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Lindane use while Breastfeeding

Medically reviewed by Last updated on Nov 6, 2023.

Lindane Levels and Effects while Breastfeeding

Summary of Use during Lactation

Topical application of lindane can increase lindane milk levels for at least several days. Because it is potentially toxic in infants, is a persistent environmental contaminant, and possibly has estrogenic effects that could decrease lactation as well as affect the nursing infant, another agent should be used.[1-3] Avoid application to the breast area where the infant might directly ingest the drug.

Drug Levels

Lindane (gamma-benzenehexachloride; gamma-Hexachlorocyclohexane) is a fat-soluble insecticide that is a persistent environmental contaminant. Residues from its use as a pesticide are found in food and subsequently in breastmilk, particularly the milkfat. Recent data from the United States are lacking, but levels appear to be trending downward in industrialized countries.[4] Hexachlorocyclohexane appears to have some estrogenic activity.[5]

Maternal Levels. A German woman with a 2-month-old breastfed infant was treated with lindane 0.3% lotion (the product available in the United States contains 1%) for scabies. The lotion was left on for 24 hours, then washed off. The extent of application was not stated, but is usually applied to all skin from the neck down. A baseline lindane concentration in breastmilk was not obtained, but the average value of lindane in mothers' milk in Germany from pesticides in the food chain at the time of the study was 30 mcg/kg of milk fat. Milk from day 4 to 10 contained lindane in the range of 500 to 900 mcg/kg of milk fat. After another repeat application of lindane, lindane was found in aa concentration of 2000 mcg/kg on day 11. Additional measurements on days 18 and 26 were 600 mcg/kg and 400 mcg/kg, respectively.[6]

Infant Levels. Relevant published information was not found as of the revision date.

Effects in Breastfed Infants

In a telephone follow-up study, 9 mothers used lindane topically for head lice during breastfeeding. One reported irritability in her breastfed infant.[7]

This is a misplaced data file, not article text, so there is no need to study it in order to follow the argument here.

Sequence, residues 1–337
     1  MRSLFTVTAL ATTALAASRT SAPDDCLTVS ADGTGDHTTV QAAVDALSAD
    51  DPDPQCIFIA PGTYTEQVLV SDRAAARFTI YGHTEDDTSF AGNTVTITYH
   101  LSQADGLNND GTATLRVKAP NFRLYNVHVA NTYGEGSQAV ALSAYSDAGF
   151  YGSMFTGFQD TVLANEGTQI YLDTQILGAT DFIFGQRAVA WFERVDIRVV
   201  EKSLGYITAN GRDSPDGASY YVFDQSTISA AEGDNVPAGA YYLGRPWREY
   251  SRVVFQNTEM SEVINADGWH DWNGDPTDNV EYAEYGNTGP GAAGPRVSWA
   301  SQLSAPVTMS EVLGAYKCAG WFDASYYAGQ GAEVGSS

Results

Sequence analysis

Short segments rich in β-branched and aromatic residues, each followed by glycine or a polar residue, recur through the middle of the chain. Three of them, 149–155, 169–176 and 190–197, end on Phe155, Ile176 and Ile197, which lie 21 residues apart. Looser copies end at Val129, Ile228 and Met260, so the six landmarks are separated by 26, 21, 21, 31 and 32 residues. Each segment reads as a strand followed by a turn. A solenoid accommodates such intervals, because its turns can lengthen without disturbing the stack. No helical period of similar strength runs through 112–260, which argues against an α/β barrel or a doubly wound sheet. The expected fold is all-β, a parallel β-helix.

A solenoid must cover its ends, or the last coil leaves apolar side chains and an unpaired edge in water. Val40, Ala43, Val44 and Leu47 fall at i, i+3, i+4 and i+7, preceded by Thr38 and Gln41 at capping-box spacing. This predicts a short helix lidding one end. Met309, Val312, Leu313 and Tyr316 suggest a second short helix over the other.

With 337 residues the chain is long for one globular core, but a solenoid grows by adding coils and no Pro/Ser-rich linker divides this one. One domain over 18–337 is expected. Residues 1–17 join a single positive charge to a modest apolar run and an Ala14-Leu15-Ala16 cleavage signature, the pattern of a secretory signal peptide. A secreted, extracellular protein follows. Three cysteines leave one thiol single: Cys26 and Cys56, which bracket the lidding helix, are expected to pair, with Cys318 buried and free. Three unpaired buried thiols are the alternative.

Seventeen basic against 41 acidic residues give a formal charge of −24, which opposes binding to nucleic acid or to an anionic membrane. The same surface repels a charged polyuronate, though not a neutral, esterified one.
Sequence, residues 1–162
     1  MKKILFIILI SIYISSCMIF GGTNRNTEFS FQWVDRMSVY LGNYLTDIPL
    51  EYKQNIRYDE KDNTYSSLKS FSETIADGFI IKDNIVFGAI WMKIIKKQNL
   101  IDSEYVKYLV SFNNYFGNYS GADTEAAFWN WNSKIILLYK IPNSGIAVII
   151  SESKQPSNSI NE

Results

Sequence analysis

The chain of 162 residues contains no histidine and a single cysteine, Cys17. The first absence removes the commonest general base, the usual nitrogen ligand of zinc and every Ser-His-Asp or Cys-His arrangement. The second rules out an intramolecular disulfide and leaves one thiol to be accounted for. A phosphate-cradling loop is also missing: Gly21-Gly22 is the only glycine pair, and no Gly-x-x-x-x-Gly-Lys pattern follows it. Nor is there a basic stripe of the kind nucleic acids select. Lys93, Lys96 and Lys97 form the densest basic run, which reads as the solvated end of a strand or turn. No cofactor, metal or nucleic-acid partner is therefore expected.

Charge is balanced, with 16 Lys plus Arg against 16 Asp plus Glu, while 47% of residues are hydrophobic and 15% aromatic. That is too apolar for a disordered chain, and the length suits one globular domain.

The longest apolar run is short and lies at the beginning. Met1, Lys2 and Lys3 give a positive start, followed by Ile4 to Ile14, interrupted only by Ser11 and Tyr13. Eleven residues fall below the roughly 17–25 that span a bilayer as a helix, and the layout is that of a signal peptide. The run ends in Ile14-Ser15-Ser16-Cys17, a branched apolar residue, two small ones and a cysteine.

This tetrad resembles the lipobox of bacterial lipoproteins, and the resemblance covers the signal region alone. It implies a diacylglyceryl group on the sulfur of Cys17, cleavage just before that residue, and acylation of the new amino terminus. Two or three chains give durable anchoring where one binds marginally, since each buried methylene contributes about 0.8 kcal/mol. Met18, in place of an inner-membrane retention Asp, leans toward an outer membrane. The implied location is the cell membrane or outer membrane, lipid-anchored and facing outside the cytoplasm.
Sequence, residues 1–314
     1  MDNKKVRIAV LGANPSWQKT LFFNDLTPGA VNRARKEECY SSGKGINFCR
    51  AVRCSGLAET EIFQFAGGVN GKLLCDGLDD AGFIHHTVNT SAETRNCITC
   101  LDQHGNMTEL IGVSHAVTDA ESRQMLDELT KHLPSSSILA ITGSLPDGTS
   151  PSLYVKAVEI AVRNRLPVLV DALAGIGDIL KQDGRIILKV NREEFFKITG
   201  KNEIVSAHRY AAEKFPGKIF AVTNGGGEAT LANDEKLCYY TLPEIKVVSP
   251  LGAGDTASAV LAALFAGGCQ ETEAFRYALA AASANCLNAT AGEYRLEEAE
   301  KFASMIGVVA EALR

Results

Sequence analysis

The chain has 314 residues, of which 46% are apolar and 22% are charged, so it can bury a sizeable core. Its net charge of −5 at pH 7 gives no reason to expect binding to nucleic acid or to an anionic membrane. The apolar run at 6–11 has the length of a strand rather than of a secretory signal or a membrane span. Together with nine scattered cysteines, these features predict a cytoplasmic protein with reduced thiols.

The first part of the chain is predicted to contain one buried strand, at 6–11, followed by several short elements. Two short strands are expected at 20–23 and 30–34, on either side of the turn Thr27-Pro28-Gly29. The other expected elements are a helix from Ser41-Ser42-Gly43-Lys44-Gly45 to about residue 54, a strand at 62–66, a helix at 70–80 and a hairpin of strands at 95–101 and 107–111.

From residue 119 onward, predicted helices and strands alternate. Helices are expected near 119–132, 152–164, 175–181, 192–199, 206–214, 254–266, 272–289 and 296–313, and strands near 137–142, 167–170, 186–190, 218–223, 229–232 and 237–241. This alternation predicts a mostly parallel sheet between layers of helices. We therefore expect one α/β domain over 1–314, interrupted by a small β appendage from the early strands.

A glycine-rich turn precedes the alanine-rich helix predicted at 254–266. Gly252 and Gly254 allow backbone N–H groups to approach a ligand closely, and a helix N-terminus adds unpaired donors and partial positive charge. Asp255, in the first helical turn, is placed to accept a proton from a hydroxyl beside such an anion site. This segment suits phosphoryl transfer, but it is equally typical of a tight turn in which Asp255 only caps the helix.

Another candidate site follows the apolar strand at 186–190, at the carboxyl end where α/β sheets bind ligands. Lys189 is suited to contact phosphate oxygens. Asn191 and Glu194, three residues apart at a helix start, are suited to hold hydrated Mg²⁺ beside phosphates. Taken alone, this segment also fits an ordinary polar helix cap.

Effects on Lactation and Breastmilk

Hexachlorocyclohexane appears to have some estrogenic activity which theoretically could suppress lactation.[5]

Alternate Drugs to Consider

Ivermectin, Permethrin, Pyrethrins


Butler DC, Heller MM, Murase JE. Safety of dermatologic medications in pregnancy and lactation: Part II. Lactation. J Am Acad Dermatol 2014;70:417.e1-10. [PubMed: 24528912]
Thomas C, Coates SJ, Engelman D, et al. Ectoparasites: Scabies. J Am Acad Dermatol 2020;82:533-48. [PubMed: 31310840]
Workowski KA, Bachmann LH, Chan PA, et al. Sexually transmitted infections treatment guidelines, 2021. MMWR Recomm Rep 2021;70:1-187. [PMC free article: PMC8344968] [PubMed: 34292926]
LaKind JS, Amina Wilkins, A, Berlin CM, Jr. Environmental chemicals in human milk: A review of levels, infant exposures and health, and guidance for future research. Toxicol Appl Pharmacol 2004;198:184-208. [PubMed: 15236953]
Massart F, Harrell JC, Federico G, Saggese G. Human breast milk and xenoestrogen exposure: A possible impact on human health. J Perinatol 2005;25:282-8. [PubMed: 15605068]
Senger E, Menzel I, Holzmann H. [Therapy-induced lindane concentration in breast milk]. Derm Beruf Umwelt 1989;37:167-70. [PubMed: 2478352]
Ito S, Blajchman A, Stephenson M, et al. Prospective follow-up of adverse reactions in breast-fed infants exposed to maternal medication. Am J Obstet Gynecol 1993;168:1393-9. [PubMed: 8498418]

Substance Identification

Substance Name


CAS Registry Number


Drug Class

Breast Feeding


Milk, Human

Anti-Infective Agents

Antiparasitic Agents


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Further information

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